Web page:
|By Katherine Long and Kyung M. Song, The Seattle Times|
|McClatchy-Tribune Information Services|
Bahr's parents earned too much for him to qualify for financial aid, but not enough to help pay for college. That forced Bahr to tap out on federal student loans and borrow more from private lenders at higher interest rates.
"I essentially graduated with a mortgage," said Bahr, who works as a surety bond underwriter in the insurance industry.
Bahr's debt is part of
On Wednesday, the
Rates on loans made to parents and to graduate students also would be lowered, to 6.41 percent.
The Bank on Students Emergency Loan Refinancing Act has 43 Democratic co-sponsors — including Sens.
Offering lower rates would cost the federal government an estimated
Many Republicans oppose that tax increase.
The vote comes two days after
The Obama administration in 2012 estimated that borrowers would be allowed to wipe out an average
Murray said Tuesday the weight of student loans is dragging down the economy and leaving young people strapped as consumers.
A growing number of economists are raising concerns that student debt is preventing young workers from qualifying for mortgages, buying new cars and saving for retirement.
Murray said it would be to the benefit of taxpayers to boost economic activity even at the cost of forgoing revenue from interest income.
Default rates on student loans are higher than for credit cards, mortgages and other types of borrowing.
The problem can be traced in part to the recession, when tax revenues dried up and legislators slashed state support for tuition. Across the nation, tuition skyrocketed at state colleges and universities, and stories of graduates with tens of thousands of dollars in loan debt became increasingly common.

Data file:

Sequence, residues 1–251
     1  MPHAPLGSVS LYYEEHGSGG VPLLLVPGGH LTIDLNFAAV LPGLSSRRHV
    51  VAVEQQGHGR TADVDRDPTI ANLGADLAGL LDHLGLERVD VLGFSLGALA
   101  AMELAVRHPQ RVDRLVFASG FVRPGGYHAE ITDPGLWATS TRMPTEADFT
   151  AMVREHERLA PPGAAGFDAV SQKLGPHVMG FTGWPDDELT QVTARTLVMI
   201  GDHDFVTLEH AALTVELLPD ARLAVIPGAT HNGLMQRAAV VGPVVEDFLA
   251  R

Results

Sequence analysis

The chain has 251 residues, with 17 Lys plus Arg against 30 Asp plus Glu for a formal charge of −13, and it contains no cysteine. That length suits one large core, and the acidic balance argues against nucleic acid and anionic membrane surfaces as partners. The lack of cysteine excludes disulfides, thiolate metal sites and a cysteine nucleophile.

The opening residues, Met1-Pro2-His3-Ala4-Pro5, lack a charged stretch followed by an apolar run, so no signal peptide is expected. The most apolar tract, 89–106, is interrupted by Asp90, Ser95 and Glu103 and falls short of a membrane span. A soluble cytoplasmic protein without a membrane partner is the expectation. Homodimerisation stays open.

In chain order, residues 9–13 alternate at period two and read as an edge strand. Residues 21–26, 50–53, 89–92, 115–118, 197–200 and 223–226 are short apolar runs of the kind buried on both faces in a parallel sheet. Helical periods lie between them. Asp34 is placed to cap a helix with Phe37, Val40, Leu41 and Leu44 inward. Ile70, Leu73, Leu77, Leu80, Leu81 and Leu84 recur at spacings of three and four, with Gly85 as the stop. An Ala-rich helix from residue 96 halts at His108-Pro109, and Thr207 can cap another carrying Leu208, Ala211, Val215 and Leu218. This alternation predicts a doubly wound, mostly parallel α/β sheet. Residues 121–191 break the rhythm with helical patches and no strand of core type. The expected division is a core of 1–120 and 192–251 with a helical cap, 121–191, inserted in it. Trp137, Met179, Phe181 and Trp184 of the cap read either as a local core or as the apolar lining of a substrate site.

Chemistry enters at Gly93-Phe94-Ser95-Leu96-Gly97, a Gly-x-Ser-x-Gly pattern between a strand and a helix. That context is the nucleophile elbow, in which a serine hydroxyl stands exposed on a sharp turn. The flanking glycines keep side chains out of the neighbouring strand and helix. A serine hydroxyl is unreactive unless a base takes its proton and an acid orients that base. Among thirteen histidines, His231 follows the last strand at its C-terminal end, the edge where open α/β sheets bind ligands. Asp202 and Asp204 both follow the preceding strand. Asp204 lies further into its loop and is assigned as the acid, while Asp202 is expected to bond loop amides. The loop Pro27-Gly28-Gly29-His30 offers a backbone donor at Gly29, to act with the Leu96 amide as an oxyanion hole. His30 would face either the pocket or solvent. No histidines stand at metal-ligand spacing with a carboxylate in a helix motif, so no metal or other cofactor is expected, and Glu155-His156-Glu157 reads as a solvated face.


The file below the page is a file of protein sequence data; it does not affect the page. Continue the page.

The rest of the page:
Bahr owes more than
He drives a 10-year-old car, doesn't subscribe to cable service and has taken very few vacations since he graduated.
"The biggest thing with this legislation is that the government is actually trying to do something to help us," he said. "The reality is that it is a huge financial burden to go to school."
While Bahr was in school at CWU, tuition and fees rose nearly 40 percent. Today, the estimated cost of attending the
Bahr has been working on the issue since he graduated. He's chairman of a political-action committee, Graduate Washington, which is working to maintain and expand access to higher education in this state.
Bahr faulted the student-loan process as too complex. The long-term ramifications of borrowing are not always clearly explained to 18-year-olds, many of whom have never even had a credit card.
But the biggest issue is how fast college tuition has increased, Bahr said.
"Debt is not the problem," he said. "The problem is the cost of education. Debt is after the fact."
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